The above story is based on materials provided by Natural Sciences and Engineering Research Council. Note: Materials may be edited for content and length.


Cite This Page:

Natural Sciences and Engineering Research Council. "Water, water, everywhere ... but is it safe to drink?." ScienceDaily. ScienceDaily, 20 February 2011. <www.sciencedaily.com/releases/2011/02/110220080553.htm>.
Natural Sciences and Engineering Research Council. (2011, February 20). Water, water, everywhere ... but is it safe to drink?. ScienceDaily. Retrieved March 4, 2015 from www.sciencedaily.com/releases/2011/02/110220080553.htm
Natural Sciences and Engineering Research Council. "Water, water, everywhere ... but is it safe to drink?." ScienceDaily. www.sciencedaily.com/releases/2011/02/110220080553.htm (accessed March 4, 2015).

Share This


More From ScienceDaily



More Earth & Climate News

Wednesday, March 4, 2015

Featured Research

from universities, journals, and other organizations


Featured Videos

from AP, Reuters, AFP, and other news services

Raw: Tourists Visit Rare Grey Whales in Mexico

Raw: Tourists Visit Rare Grey Whales in Mexico

AP (Mar. 4, 2015) Once nearly extinct, grey whales now migrate in their thousands to Mexico&apos;s Vizcaino reserve in Baja California, in search of warmer waters to mate and give birth. Tourists flock to the reserve to see the whales, measuring up to 49 feet long. (March 4) Video provided by AP
Powered by NewsLook.com
Raw: Injured Miners Treated After Blast

Raw: Injured Miners Treated After Blast

AP (Mar. 4, 2015) An explosion ripped through a coal mine before dawn Wednesday in war-torn eastern Ukraine, killing at least one miner, officials said. Graphic video of injured miners being treated in a Donetsk hospital. (March 4) Video provided by AP
Powered by NewsLook.com
Australian Museum Shares Terrifying Goblin Shark With the World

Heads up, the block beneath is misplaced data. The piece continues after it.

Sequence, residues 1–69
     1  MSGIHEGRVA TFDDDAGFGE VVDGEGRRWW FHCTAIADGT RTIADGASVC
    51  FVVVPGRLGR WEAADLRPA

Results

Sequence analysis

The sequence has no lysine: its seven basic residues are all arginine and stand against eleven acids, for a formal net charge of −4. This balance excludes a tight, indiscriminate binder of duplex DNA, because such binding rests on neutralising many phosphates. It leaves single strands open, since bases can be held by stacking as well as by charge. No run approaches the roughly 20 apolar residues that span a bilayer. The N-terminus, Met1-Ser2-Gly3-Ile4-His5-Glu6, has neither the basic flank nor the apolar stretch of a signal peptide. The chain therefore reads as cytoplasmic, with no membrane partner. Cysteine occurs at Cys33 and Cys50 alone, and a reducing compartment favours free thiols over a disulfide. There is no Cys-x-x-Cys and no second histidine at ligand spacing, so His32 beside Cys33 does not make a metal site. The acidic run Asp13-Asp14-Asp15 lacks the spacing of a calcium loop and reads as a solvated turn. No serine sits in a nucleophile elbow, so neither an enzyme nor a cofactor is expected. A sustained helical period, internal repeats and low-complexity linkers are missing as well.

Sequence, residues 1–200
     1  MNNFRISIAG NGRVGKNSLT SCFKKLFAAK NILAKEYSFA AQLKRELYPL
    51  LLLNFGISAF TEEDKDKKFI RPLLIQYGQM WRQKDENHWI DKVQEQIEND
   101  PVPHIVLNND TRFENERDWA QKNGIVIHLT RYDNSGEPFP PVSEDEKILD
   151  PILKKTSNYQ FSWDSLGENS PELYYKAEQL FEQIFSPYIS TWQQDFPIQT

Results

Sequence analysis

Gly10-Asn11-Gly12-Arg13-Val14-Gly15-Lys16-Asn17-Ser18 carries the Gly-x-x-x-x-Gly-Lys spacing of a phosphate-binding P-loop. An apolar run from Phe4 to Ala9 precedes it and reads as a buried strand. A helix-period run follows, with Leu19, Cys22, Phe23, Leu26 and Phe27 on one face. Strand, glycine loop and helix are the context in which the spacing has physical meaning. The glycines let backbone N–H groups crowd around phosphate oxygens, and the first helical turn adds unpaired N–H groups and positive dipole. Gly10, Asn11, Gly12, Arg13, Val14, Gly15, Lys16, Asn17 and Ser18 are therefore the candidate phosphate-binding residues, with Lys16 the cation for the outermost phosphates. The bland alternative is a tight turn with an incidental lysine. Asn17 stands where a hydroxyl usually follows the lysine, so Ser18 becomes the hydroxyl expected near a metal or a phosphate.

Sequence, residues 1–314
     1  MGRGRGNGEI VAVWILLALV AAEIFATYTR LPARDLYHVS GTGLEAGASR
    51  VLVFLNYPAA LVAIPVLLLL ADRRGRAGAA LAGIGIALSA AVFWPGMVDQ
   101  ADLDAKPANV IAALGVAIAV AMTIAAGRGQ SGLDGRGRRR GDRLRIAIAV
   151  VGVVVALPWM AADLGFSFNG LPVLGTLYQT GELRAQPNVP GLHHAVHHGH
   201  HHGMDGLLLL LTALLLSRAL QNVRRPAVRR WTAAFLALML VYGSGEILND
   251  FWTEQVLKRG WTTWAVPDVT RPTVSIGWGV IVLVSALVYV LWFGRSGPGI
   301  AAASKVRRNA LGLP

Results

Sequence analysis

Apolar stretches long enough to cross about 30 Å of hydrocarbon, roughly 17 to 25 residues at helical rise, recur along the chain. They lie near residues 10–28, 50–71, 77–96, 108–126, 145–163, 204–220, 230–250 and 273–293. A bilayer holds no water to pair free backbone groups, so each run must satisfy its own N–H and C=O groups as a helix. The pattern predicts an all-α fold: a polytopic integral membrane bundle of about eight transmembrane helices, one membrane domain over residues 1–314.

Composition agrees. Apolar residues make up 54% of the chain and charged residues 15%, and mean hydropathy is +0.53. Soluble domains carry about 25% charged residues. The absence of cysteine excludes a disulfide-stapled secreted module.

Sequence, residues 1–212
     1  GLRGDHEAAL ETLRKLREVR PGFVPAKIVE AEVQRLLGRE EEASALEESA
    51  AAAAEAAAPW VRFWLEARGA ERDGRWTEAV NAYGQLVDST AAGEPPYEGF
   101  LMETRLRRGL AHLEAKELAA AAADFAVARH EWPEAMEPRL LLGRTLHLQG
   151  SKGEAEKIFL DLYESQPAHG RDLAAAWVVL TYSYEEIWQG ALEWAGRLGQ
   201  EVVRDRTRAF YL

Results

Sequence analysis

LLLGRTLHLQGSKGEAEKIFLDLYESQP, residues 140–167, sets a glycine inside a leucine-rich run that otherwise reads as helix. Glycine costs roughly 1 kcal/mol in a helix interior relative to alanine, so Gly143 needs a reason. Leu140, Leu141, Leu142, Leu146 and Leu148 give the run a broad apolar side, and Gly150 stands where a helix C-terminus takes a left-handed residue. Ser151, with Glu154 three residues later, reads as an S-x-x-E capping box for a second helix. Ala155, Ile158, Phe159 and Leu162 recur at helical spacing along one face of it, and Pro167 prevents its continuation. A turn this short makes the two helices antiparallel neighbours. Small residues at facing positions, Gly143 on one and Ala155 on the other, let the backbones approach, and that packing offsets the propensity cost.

Australian Museum Shares Terrifying Goblin Shark With the World

Buzz60 (Mar. 4, 2015) The Australian Museum has taken in its fourth-ever goblin shark, a rare fish with an electricity-sensing snout and &apos;alien-like&apos; jaw. Mike Janela (@mikejanela) takes a look. Video provided by Buzz60
Powered by NewsLook.com
Chile's Villaricca Volcano Calm, Red Alert Remains

Chile's Villaricca Volcano Calm, Red Alert Remains

AFP (Mar. 4, 2015) A red alert continues in the area around southern Chile&apos;s Villarrica volcano, though activity dropped since its eruption overnight on Monday. Duration: 00:40 Video provided by AFP
Powered by NewsLook.com

Search ScienceDaily

Number of stories in archives: 140,361

Find with keyword(s):
Enter a keyword or phrase to search ScienceDaily for related topics and research stories.

Save/Print:
Share:

Breaking News:

Strange & Offbeat Stories


Plants & Animals

Earth & Climate

Fossils & Ruins

In Other News

... from NewsDaily.com

Science News

Health News

Environment News

Technology News



Save/Print:
Share:

Free Subscriptions


Get the latest science news with ScienceDaily's free email newsletters, updated daily and weekly. Or view hourly updated newsfeeds in your RSS reader:

Get Social & Mobile


Keep up to date with the latest news from ScienceDaily via social networks and mobile apps:

Have Feedback?


Tell us what you think of ScienceDaily -- we welcome both positive and negative comments. Have any problems using the site? Questions?
Mobile: iPhone Android Web
Follow: Facebook Twitter Google+
Subscribe: RSS Feeds Email Newsletters
Latest Headlines Health & Medicine Mind & Brain Space & Time Matter & Energy Computers & Math Plants & Animals Earth & Climate Fossils & Ruins